The audience wait in total darkness in the Corpus Playroom, the sound of a heartbeat rhythmically pounding in the background.
This state of tense anticipation is suddenly interrupted by the sound of an ambulance as Gabriel Wheble (Pig) and Meg Coslett (Runt) burst onstage, bee-baa-ing at the top of their lungs. So begins Ben Vince’s dynamic production of Enda Walsh’s 1996 play Disco Pigs, which explores the complex, obsessive relationship between Pig and Runt, a duo who have been inseparable since their birth in the same hospital on the same day.
Pig and Runt exist in their own world, communicating through snorts and lingo of their own.
Their detachment from reality is evident; the only mention of Runt’s mother is in relation to Pig: their parents tried to keep the two apart, but from an early age, they insisted on spending every waking moment together, isolating themselves not only from their families but from Cork as a whole. Reality only begins to shine through the cracks of their friendship when Runt matures and starts to question the nature of their relationship. As Runt, or rather Sinead, becomes increasingly disillusioned with her all-consuming friendship with Pig, her childish overalls, space buns, and mismatched socks suddenly seem out of place as she transitions from childlike naivete and the realisation that she wants a life beyond her world with Pig.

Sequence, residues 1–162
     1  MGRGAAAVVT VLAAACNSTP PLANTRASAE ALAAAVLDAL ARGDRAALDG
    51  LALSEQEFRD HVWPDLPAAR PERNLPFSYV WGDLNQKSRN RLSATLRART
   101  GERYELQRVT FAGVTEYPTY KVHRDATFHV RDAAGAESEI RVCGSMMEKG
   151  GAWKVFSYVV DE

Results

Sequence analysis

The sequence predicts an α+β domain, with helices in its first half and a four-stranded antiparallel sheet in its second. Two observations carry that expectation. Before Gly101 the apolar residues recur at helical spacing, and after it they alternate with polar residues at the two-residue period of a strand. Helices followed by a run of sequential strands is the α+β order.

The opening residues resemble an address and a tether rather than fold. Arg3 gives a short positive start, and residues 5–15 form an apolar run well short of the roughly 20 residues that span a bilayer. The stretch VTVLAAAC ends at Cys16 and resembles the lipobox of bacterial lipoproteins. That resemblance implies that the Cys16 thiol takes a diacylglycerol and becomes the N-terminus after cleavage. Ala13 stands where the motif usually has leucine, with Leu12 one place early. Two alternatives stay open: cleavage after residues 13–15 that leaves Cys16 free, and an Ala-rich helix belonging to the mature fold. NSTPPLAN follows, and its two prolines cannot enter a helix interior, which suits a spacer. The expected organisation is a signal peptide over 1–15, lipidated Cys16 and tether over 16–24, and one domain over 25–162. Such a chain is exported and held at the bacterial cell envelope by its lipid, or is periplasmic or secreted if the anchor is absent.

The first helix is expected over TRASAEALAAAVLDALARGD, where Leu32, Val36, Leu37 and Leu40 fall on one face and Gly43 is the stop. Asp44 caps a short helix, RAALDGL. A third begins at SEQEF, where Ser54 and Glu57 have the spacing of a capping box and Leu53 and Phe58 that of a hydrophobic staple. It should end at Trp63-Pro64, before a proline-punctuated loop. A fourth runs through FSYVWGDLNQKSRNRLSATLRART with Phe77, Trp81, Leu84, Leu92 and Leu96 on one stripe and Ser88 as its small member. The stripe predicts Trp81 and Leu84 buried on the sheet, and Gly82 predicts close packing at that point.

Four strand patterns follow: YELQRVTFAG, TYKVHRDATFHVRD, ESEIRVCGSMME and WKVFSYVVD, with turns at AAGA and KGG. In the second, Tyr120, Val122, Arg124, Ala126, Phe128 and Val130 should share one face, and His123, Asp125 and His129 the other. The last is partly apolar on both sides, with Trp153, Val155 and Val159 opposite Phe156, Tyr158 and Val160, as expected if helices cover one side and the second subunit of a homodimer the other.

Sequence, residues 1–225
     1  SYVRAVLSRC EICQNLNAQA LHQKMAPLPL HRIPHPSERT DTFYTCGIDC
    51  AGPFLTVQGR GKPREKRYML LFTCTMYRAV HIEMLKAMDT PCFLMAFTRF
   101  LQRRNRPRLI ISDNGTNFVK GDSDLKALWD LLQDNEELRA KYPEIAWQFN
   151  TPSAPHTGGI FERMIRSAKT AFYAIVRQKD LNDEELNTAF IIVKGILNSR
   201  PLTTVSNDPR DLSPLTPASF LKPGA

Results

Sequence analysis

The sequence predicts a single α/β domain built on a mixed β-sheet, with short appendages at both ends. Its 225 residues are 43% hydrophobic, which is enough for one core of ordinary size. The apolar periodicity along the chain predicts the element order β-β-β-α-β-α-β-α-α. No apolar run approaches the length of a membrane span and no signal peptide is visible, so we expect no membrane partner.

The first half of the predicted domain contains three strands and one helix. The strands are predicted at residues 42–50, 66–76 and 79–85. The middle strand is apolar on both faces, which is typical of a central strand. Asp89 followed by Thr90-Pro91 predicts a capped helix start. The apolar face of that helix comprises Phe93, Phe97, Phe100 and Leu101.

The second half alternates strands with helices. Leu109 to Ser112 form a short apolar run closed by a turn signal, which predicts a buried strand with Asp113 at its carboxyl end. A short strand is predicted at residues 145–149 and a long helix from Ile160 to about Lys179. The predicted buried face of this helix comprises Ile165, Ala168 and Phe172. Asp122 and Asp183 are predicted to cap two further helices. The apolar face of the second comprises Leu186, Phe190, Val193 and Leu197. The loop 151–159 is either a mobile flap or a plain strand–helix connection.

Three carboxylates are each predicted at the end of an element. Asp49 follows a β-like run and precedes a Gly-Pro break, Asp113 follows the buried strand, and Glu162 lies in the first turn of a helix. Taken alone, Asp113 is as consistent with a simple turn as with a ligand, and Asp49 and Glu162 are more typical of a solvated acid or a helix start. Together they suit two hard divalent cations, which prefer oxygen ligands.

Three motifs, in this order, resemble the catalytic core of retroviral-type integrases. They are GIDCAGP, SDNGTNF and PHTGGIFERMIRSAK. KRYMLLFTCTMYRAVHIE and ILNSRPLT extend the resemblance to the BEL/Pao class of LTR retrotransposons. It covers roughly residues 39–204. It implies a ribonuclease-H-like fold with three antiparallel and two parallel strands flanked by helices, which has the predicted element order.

The set was fairly bare, but Coslett and Wheble managed to use the minimal props in a way that enhanced the poignancy and humour of their performance.
I must give directorial credit to Vince for having the two throw back and subsequently smash full cans of Strongbow Dark Fruits onstage. What the performance lacked in elaborate scenery it made up for in creative use of props and sounds. When Pig describes his sexual awakening and experiences with Runt, his voice grows hushed and the lights cut out. All the audience can see is Pig’s face, illuminated by a torch, and Runt sitting in the corner, breathing loudly.
The illusion of this intimate moment is shattered when the pair return to their childish antics, abruptly interrupting the scene with their typical shrieking and snorting. The jarring transitions between moments of personal reflection and the pair’s tendency to revert to childhood games and their own idioglossia tend to undermine Runt and Pig’s gradually increasing feelings of disillusionment and unease.
The rapid oscillations between emotions are not the only thing that can impede one’s understanding of the play, however. Wheble and Coslett’s accents were somewhat garbled, rendered even more difficult by the constant snorts and squeals that distinguish Runt and Pig’s personal language. For the most part, however, the two actors compensate for their accents with their incredibly expressive body language.
The more possessive Pig becomes, the more it becomes clear that Runt is desperate to break away, her emotional feeling of enclosure mirrored by her physical struggle to escape Pig’s grasp. Nonetheless, the energy that Coslett and Wheble brought to the performance is undeniable, their dynamic stage presence and chaotic transitions a reflection of the volatile relationship between their respective characters.